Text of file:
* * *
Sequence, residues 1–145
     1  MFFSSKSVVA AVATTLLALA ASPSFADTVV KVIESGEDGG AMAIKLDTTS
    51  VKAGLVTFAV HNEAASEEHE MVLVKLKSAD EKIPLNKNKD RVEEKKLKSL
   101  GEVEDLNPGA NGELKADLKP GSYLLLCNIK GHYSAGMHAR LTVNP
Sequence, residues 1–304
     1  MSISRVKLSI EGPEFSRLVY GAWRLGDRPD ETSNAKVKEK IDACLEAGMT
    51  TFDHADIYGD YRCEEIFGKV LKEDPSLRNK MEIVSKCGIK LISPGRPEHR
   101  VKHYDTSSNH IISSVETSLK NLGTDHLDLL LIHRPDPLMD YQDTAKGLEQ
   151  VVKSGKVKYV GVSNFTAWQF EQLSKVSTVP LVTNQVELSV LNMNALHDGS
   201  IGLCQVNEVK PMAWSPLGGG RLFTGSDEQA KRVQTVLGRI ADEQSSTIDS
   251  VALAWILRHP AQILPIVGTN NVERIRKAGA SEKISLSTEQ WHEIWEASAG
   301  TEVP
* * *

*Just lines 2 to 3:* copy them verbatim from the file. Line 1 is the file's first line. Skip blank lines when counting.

     1  MFFSSKSVVA AVATTLLALA ASPSFADTVV KVIESGEDGG AMAIKLDTTS
    51  VKAGLVTFAV HNEAASEEHE MVLVKLKSAD EKIPLNKNKD RVEEKKLKSL